Cleaned and Peeled Nopal Cactus

Cleaned and Peeled Nopal Cactus

How to Use Nopales:
Nopales can be bought as raw cactus paddles, Latin markets may sell fresh paddles that have already been cleaned, and maybe even completely prepped. A jarred variety also exists but it is definitely inferior to fresh, as is the case with most vegetables. Compared to most veggies, nopales requires a little more care in prepping. You definitely do not want to eat any of the spines!

I bought my paddles at a farmer’s market, and they had been mostly de-spined. But to be sure, you have to cut away each nub that rises up from the skin to be sure the spine has been completely removed. To do this, peel the nubs away with a kinfe. Don’t peel the whole paddle, leave as much skin as possible. Then cut edge of the paddle away from the base all the way around. Then slice and dice!

Nopales Cooked With Onions and Peppers

Nopales Cooked With Onions and Peppers

What you will notice is that they are quite sticky and gooey. They can be cooked a number of different ways, but what I did was gently boil the cactus strips for about 10 minutes and rinse well. Supposedly this reduces the stick factor. Then I sauteed them with a mix of onions and peppers, both sweet and hot. The nopales thickened the the mix a bit, which I then used as a taco filling along with beans and some salsa.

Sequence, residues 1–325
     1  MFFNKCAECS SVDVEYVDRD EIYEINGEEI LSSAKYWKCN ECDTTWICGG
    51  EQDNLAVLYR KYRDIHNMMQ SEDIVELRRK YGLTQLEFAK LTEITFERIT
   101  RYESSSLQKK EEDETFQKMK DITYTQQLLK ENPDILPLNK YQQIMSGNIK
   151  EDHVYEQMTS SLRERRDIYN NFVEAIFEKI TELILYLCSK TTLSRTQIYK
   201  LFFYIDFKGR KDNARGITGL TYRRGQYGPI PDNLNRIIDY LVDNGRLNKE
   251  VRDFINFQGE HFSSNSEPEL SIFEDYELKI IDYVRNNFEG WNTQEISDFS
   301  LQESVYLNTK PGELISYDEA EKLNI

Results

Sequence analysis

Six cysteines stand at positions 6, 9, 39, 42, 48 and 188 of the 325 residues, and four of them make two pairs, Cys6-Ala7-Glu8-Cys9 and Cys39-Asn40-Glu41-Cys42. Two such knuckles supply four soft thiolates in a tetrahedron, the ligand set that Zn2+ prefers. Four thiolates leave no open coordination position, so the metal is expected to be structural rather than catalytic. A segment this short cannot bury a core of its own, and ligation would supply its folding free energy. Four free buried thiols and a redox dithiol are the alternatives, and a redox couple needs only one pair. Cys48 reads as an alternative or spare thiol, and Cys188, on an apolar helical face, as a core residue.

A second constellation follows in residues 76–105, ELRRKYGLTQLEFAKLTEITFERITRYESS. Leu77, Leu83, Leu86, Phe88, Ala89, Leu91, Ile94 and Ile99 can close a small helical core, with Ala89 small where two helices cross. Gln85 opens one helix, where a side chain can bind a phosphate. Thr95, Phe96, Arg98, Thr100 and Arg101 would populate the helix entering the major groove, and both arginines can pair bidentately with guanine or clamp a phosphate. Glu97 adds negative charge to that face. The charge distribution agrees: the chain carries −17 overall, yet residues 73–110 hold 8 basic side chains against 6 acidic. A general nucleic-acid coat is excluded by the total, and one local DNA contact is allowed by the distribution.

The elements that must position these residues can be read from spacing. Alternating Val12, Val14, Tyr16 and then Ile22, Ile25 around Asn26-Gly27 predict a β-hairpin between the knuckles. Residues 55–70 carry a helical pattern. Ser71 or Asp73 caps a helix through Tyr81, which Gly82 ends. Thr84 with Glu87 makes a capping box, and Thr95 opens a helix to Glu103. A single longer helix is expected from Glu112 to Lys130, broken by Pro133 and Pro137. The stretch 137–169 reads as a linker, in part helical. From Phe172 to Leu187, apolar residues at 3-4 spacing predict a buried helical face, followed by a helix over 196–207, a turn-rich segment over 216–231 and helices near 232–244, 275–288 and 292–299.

Verdict?
I will definitely do this again. Its a nice change of pace. I was worried they would have some strange, strong taste, but they are quite mild. They resembled cooked green peppers, but firmer and meatier, and with a bit more crunch. Cleaning them was a bit of a hassle, but not nearly as much as I feared. There are other vegetables that take more work. Since they are renowned in Mexico as a detox veggie, I suppose that makes them perfect for a Taco Cleanse!

Be brave! Eat some cactus today!

Tacos Noplaes

Tacos Noplaes

About vegpedlr

Plant powered off-road triathlete
This entry was posted in Main Dish, Portable, Vegetables/Sides and tagged , , , , , . Bookmark the permalink.

3 Responses to Work With It Wednesday: Nopales

  1. Chile says: